No one seems to know where the $700 billion financial bailout went, what’s being done with it, and how much is still in the bank’s coffers to be used for who know’s what. Read about this below:
Now I can understand how normally, banks wouldn’t track dollars that came from one source versus dollars from another. However, in THIS case, the government fronted billions in taxpayer money (not private investment.) Therefore, I can’t imagine congress requiring anything less than full disclosure of how the money was going to be allocated and spent.
It appears that the rush to get money to the banks has succeeded in giving banks no incentives whatsoever to transparently disclose what’s being done with the money, or ‘where’ it’s at within each bank. If one made the assumption that these banks were all going to use this money for the best possible long-term usages for their firms, this lack of disclose might be okay. BUT, the fact that banks are in this mess due to poor financial decisions (and NOT “bad luck” due to the economic downturn, despite the fact that it exacerbated the situation), destroys that assumption.
While I do strongly believe that private firms generally perform better than government-owned ones (been to your local post office lately?), one thing that political trumpeters of the “free market” like to neglect are the conflicts of interest between firms and their management teams. Unfortunately, CEOs are often rewarded with compensation that focuses on the short term stock price (stock options and bonuses dependant on share price) rather than being aligned with the company’s long term future.
Warren Buffet, CEO of Berkshire Hathaway and arguably the greatest investor of all time, is a notable exception. His substantial net worth of many billions is almost completely investing in the company he leads. This long term ownership, combined with the fact that Buffett’s salary is a meager (for CEOs) $100,000 per year, with no fancy options deals, means that Buffett’s incentives are aligned with those of his long term shareholders.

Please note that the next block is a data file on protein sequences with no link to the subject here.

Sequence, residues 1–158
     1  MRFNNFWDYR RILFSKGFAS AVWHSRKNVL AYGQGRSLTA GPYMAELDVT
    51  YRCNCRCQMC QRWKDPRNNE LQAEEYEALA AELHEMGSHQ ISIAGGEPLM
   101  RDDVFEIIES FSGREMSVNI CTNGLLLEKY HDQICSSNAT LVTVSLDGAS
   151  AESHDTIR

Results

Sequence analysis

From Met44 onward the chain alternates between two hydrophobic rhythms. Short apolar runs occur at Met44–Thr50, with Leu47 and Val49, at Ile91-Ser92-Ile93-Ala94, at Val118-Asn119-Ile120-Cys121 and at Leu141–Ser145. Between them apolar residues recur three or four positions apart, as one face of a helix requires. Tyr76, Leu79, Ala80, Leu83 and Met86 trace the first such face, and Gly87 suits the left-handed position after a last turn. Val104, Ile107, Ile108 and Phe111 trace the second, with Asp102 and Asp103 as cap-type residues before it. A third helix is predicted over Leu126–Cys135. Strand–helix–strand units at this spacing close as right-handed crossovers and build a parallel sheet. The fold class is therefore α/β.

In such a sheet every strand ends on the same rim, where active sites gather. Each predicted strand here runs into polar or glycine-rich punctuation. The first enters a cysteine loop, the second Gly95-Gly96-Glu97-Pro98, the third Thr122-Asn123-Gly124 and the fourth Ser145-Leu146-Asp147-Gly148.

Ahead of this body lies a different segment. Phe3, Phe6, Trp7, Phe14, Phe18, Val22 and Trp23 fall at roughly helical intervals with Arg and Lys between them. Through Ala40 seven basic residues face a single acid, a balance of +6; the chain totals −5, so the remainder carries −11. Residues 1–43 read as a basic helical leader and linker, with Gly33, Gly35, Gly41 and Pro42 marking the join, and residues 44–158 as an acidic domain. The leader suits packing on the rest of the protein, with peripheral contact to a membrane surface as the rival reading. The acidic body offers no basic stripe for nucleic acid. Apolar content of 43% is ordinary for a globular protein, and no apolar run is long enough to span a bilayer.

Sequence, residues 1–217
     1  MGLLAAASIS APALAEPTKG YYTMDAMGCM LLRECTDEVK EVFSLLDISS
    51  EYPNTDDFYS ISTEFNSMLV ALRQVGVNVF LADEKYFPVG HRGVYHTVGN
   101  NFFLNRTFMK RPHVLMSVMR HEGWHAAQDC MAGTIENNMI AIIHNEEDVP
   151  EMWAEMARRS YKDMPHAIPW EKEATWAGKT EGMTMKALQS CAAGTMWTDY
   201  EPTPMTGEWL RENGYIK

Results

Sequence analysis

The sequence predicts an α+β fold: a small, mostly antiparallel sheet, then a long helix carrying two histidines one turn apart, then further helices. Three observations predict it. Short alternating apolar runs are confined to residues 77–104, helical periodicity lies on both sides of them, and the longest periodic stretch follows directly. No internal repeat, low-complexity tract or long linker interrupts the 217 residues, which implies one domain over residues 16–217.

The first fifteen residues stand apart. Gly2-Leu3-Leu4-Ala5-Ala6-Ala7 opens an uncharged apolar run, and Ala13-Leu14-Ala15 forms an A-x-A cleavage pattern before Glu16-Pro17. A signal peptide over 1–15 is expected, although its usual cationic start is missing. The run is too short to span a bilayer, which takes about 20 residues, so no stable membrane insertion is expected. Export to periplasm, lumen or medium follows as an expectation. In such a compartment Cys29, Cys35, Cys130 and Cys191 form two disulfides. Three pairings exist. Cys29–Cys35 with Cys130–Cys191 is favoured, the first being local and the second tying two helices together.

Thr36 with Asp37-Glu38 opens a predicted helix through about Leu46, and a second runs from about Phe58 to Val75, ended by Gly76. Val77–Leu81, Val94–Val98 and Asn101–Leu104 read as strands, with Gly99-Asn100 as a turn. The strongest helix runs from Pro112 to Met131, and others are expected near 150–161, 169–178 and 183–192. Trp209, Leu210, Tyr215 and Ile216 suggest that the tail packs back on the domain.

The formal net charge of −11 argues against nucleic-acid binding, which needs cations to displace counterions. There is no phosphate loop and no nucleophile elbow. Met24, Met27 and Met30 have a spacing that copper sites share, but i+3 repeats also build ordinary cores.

Also, CEOs are generally paid more relative to the size of the company they control***. This creates the incentives to make fiscally irresponsible mergers just to “grow the empire.” And now, with the precedent being set of companies designated “too big to fail,” managements have even more incentives to grow the size of their firms. These incentives by themselves do not encourage firms to pursue social gains (either for consumers or shareholders) and therefore are undesireable.
Coming back to the financial bailout, it is very troubling that in an effort to quickly sustain failing companies within the financial services industry (without discussing whether that was the right thing to do or not), congress and the administration may have not addressed the threat of those firms failing in the future, throught poor use of the bailout money in the present. This lack of oversight may result in these same companies returning years later in similar predicaments. (Of course, that may have resulted anyway, even with oversight, calling into question the wisdom of the bailout, of which I’m not knowledeable enough to discuss.)
Hopefully failure of many of these companies down the road does not turn out to be the case. But, when one has no idea of what’s happening with the bailout money those firms received, how can we know one way or the other?
*** From nobel prize-winning economist Gary Becker (on the Becker-Posner-Blog.com): “For every 10 per cent increase in firm size, measured by the market value of assets, by sales, or by related variables, compensation increases by about 3 per cent. This “30 per cent” law held during the 1930’s, and has held for every succeeding decade, including right up to the present.”